# Termination Checking

Why?

## Termination of Factorial

LiquidHaskell sometimes gives "unexpected" errors. Why is it complaining in the below factorial definition?

{-@ factorial :: Int -> Int @-} factorial 0 = 1 factorial n = n * factorial (n-1)

Because, it cannot prove termination!

Indeed factorial (-42) will diverge!

But, factorial recursively calls itself with smaller arguments. Thus, it always terminates on non-negative inputs!

Q: Modify the specification of factorial to prove termination.

Hint: You may need to use the type of Natural numbers.
{-@ type Nat = {v:Int | 0 <= v } @-}

## Termination proofs are semantic!

That is great, because many times, to prove termination we need to know semantic invariants.

To prove gcd terminating, we need to reason about the behavior of the mod operator:

Q: Fill in the specification of mod to prove gcd terminating!
{-@ gcd :: a:Nat -> b:{v:Nat | v < a} -> Int @-} gcd a 0 = a gcd a b = gcd b (a mod b) {-@ mod :: a:Nat -> b:{v:Nat| 0 < v} -> Nat @-} mod a b | a < b = a | otherwise = mod (a - b) b

## Proving Termination I

To prove termination we need to prove that at each recursive call a well founded metric (i.e., one with a lower bound) strictly decreses.

Potential Metrics:

• first integer argument

## User specified Termination Metrics

Range's first argument is not decreasing.

range :: Int -> Int -> [Int] range lo hi | lo < hi = lo : range (lo+1) hi | otherwise = []

Q: In the following type signature of range replace 0 with the appropriate termination metric.

{-@ range :: lo:Int -> hi:Int -> [Int] / [0]@-}

## Proving Termination IΙ

To prove termination we need to prove that at each recursive call a well founded metric (i.e., one with a lower bound) strictly decreses.

Potential Metrics:

• user specified metrics
• first integer argument

## Lexicograohic Termination

Why does Ackermann Function terminate?

ack :: Int -> Int -> Int ack m n | m == 0 = n + 1 | n == 0 = ack (m-1) 1 | otherwise = ack (m-1) (ack m (n-1))

It does, but we need a termination (lexicographically descreaing) pair!

Q: In the following type signature of ack replace 0 with the appropriate termination metrics.

{-@ ack :: m:Int -> n:Int -> Int / [0, 0]@-}

## Proving Termination IΙ

To prove termination we need to prove that at each recursive call a well founded metric (i.e., one with a lower bound) strictly decreses.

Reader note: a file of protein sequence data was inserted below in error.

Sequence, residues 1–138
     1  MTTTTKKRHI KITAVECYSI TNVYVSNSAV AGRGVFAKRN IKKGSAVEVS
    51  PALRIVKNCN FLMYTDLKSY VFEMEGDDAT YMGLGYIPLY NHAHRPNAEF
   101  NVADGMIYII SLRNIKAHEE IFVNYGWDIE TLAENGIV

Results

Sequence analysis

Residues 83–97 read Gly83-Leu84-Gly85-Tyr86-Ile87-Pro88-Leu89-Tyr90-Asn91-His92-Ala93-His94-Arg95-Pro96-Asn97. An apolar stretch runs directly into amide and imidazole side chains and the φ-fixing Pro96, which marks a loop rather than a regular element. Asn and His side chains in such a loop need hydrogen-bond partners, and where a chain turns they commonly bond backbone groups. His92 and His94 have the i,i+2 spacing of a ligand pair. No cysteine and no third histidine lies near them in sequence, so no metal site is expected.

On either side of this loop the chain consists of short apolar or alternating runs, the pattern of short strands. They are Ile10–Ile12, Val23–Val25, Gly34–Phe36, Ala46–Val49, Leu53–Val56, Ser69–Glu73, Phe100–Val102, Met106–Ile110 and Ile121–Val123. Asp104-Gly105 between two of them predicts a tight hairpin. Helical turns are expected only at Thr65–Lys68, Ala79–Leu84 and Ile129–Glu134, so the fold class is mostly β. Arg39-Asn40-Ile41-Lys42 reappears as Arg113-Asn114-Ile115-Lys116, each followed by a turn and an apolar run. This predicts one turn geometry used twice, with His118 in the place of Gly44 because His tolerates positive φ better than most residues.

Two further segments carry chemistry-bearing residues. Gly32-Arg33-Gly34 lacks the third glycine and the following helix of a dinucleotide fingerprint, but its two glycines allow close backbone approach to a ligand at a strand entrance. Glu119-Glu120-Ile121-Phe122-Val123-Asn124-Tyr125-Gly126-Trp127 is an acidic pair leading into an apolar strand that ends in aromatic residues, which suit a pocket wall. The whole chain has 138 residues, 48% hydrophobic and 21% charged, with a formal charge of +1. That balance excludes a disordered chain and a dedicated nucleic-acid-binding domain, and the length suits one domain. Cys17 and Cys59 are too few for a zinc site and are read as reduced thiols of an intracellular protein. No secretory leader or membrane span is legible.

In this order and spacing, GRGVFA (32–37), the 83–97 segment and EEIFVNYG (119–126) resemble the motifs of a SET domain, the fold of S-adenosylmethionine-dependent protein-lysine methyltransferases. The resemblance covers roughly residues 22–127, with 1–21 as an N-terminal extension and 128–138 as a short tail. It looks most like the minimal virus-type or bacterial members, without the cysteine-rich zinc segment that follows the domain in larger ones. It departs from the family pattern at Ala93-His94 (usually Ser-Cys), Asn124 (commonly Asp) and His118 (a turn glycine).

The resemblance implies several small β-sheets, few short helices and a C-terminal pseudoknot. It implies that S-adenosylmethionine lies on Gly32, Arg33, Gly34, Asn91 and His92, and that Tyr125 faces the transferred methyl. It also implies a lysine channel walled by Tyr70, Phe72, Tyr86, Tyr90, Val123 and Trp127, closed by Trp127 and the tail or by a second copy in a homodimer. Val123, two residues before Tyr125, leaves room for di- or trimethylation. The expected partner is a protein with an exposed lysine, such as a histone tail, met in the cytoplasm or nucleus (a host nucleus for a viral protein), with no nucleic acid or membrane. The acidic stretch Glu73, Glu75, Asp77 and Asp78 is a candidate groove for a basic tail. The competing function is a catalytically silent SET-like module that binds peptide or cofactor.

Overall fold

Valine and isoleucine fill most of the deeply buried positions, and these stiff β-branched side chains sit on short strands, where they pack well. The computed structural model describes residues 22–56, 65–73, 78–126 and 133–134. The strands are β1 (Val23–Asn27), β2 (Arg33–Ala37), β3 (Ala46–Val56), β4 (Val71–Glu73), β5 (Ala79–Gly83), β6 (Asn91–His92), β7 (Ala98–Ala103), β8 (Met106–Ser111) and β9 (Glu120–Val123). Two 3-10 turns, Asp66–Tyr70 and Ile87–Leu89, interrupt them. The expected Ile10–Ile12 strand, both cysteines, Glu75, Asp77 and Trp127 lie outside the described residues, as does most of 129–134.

Potential Metrics:

• user specified lexicographic metrics
• first integer argument

Recall the List data type that came with a measure length?

data List a = Emp -- Nil | (:::) a (List a) -- Cons

Q: Prove termination of mapList using the length measure:
{-@ mapList :: (a -> b) -> xs:List a -> List b / [0]@-} mapList f Emp = Emp mapList f (x:::xs) = f x ::: mapList f xs

## Relate ADTs with their size

Wait! That was easy! LiquidHaskell is smarter than that!

If we teach liquidHaskell what is the size of a ADT, then it automatically uses it to prove termination!

{-@ data List [length] @-}

## Proving Termination IΙ

To prove termination we need to prove that at each recursive call a well founded metric (i.e., one with a lower bound) strictly decreses.

Potential Metrics:

• user specified lexicographic metrics
• first integer or "sized" argument

## Build In Lists

Build in lists come with a size len, so at most recursive functions, termination metrics are not required.

map :: (a -> b) -> [a] -> [b] map _ [] = [] map f (x:xs) = f x : map f xs

## More termination metrics

Still there are functions that require more complicated termination metrics:

Q: Prove termination of merge:
{-@ merge :: xs:[a] -> ys:[a] -> [a] @-} merge [] [] = [] merge (x:xs) (y:ys) | x < y = x : merge xs (y:ys) | otherwise = y : merge (x:xs) ys

## Proving Termination

To prove termination we need to prove that at each recursive call a well founded metric (i.e., one with a lower bound) strictly decreses.

Potential Metrics:

• user specified lexicographic metrics
• first integer or "sized" argument

## Mutual Recursion

But, how do we prove mutual recursion? We just need to apply the same idea! Define one termination metric for each (mutually) recursive function:

Q: Modify the termination metrics to prove that isEven and isOdd are terminating.
{-@ isEven :: n:Nat -> Bool / [n] @-} {-@ isOdd :: m:Nat -> Bool / [m] @-} isEven 0 = True isEven n = isOdd (n-1) isOdd m = not \$ isEven m

Hint: You will need one more element in the termination metrics to state that isOdd can freely call isEven.

## Putting it all together!

Thats all! We are ready to prove termination and functional corectness of more complicated functions, like the mutual recursive version of qsort:

{-@ type OList a = [a]<{\x v -> x <= v}> @-} {-@ qsort :: xs:[a] -> OList a / [len xs, 0] @-} {-@ qpart :: x:_ -> ys:_ -> l:_ -> r:_ -> _ / [len ys + len l + len r, len ys+1] @-} qsort :: Ord a => [a] -> [a] qsort (x:xs) = qpart x xs [] [] qsort [] = [] qpart :: Ord a => a -> [a] -> [a] -> [a] -> [a] qpart x (y:ys) l r | x > y = qpart x ys (y:l) r | otherwise = qpart x ys l (y:r) qpart x [] l r = append x (qsort l) (qsort r) append x [] rs = x:rs append x (l:ls) rs = l:append x ls rs

## Desired Divergence

Declare it!

{-@ Lazy repeat @-} repeat x = x : repeat x

Lazy deactivates termination check for one function.

The flag "no-termination" deactivated termination check.

## Recap

Termination proofs are semantic, not syntactic.

To prove termination we need to prove that at each recursive call a well founded metric (i.e., one with a lower bound) strictly decreses.

Potential Metrics:

• user specified lexicographic metrics
• first integer or "sized" argument

Next: Case Study